This is why the ongoing work of the Race to Zero campaign, SBTi, and their partners is so crucial. They provide the only credible minimum standards for voluntary action, driving action towards actual emission reduction cuts as opposed to offsets. They are the closest we have to best practice on corporate climate policy and have shown an ongoing willingness to update their requirements based on learnings and identified gaps. 

As a case in point and in recognition that the absence of accountability will hinder delivery, the Race to Zero campaign recently announced it will be launching an accountability mechanism to take actions against non-compliant members who do not make enough progress towards their targets. Steps like this from third parties and coalition groups will help improve the fulfillment of targets across the sector while keeping corporations honest. Watchdog organizations, activists, and advocates focused on pushing for robust and legitimate corporate action are essential to this process, but so too must be acknowledging the wins where they exist.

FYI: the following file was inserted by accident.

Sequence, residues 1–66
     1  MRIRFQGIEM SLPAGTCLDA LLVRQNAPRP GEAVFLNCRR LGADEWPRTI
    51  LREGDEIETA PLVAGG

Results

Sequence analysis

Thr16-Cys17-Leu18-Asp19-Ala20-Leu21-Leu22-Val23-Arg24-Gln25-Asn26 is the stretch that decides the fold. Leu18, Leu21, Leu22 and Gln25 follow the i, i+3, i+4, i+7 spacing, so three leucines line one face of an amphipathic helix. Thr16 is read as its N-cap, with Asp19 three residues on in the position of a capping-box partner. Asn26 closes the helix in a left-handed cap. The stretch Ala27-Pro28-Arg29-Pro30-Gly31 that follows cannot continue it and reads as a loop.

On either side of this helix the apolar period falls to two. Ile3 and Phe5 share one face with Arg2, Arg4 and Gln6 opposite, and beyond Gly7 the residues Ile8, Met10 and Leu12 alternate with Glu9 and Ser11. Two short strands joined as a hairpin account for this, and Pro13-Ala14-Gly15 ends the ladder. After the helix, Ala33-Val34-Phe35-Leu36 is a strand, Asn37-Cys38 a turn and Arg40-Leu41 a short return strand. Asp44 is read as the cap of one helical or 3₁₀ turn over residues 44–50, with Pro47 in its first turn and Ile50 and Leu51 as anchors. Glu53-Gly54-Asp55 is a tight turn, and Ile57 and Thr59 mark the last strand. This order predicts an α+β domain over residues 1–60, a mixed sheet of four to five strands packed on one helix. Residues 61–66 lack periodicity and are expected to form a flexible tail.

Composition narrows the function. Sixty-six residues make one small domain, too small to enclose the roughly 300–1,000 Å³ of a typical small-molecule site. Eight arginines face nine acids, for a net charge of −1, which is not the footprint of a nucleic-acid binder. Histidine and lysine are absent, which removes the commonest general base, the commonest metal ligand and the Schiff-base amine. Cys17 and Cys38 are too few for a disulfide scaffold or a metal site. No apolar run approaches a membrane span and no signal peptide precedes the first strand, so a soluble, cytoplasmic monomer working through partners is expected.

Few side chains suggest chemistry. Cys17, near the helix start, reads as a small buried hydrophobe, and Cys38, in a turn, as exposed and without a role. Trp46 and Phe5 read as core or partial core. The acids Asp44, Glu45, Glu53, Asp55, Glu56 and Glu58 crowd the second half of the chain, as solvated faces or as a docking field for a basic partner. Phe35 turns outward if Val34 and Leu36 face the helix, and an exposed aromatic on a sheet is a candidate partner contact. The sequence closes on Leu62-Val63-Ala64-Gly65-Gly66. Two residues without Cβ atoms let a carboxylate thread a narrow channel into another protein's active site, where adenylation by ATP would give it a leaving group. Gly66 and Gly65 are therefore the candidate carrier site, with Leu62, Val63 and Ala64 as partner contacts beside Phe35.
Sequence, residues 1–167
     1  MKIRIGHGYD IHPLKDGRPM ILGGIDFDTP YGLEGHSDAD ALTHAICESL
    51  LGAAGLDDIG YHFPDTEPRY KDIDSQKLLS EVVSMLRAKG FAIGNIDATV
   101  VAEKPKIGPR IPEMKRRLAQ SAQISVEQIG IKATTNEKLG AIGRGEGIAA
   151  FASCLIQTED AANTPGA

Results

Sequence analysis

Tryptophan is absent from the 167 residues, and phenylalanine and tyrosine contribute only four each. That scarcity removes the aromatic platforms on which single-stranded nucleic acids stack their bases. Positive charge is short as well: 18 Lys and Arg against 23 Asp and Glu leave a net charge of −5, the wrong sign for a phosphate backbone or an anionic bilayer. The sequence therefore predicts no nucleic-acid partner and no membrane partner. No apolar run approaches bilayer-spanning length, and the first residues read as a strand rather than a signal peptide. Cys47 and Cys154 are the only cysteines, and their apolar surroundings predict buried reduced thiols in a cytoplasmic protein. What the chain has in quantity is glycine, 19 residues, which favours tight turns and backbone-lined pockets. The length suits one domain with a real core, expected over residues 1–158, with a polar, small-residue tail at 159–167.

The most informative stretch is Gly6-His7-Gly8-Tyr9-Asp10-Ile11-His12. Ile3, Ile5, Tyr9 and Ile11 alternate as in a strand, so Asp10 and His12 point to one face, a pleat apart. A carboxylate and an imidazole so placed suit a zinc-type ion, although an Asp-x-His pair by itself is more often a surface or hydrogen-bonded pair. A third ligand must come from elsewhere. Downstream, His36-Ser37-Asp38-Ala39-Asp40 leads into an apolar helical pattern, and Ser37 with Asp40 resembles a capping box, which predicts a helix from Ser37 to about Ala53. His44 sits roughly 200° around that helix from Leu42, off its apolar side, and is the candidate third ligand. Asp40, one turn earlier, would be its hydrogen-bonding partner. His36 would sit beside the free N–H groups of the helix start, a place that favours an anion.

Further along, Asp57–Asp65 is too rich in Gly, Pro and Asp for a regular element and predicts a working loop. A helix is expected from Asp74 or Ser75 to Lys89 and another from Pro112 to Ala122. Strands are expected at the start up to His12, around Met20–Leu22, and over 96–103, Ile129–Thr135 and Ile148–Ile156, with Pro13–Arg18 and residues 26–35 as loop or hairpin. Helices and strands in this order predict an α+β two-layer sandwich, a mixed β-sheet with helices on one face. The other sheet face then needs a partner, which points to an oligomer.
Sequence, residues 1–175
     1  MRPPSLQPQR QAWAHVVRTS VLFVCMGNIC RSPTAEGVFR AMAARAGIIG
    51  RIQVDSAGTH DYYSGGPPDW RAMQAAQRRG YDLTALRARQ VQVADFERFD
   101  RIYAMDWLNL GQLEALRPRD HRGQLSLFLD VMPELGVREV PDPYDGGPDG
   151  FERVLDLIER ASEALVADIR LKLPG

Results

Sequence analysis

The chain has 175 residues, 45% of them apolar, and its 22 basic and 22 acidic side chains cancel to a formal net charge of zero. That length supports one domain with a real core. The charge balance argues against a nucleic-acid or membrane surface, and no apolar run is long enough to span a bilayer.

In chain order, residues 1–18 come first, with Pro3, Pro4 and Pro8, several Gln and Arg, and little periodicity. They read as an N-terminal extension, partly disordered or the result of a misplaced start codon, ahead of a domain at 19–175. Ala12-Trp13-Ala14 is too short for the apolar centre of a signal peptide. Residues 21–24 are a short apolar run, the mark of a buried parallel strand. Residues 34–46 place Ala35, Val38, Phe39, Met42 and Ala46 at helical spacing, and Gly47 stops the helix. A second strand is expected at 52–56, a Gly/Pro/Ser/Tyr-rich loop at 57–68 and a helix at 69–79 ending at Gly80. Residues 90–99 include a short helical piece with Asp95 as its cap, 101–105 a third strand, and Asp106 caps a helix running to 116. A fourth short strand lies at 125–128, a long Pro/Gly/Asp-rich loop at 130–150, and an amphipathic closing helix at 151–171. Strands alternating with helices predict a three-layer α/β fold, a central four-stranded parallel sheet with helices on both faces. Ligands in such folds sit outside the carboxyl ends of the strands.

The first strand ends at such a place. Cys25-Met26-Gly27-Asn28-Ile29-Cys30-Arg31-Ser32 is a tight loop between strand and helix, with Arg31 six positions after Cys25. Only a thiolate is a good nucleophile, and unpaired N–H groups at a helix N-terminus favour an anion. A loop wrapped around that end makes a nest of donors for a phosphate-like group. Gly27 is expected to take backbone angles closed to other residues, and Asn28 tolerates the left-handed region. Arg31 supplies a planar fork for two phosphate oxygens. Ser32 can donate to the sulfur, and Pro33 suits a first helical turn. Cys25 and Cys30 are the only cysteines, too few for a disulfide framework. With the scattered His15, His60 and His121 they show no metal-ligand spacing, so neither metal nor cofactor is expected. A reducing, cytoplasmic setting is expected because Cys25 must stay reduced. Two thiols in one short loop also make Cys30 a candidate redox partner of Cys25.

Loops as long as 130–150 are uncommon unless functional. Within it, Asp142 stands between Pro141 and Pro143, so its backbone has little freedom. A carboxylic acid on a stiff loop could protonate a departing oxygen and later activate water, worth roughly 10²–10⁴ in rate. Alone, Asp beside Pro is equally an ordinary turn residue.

Ultimately, the transition to a low carbon future will be one of the hardest challenges humanity will ever have to overcome and there is no one route, path, or policy that will get us there by itself. Businesses need to be at the forefront of this transformation and individual corporate actions will have to continue in the absence of governance, oversight, or enforcement mechanisms. Ongoing scrutiny, more accurate reporting, and stronger accountability – preferably in the form of regulatory oversight – are all essential to accelerate the delivery of best practice and help us all win the race to zero. But as we wait for such policies, so too are the voices of corporate clients and customers. It is important that we use them.

The Tycoon Herald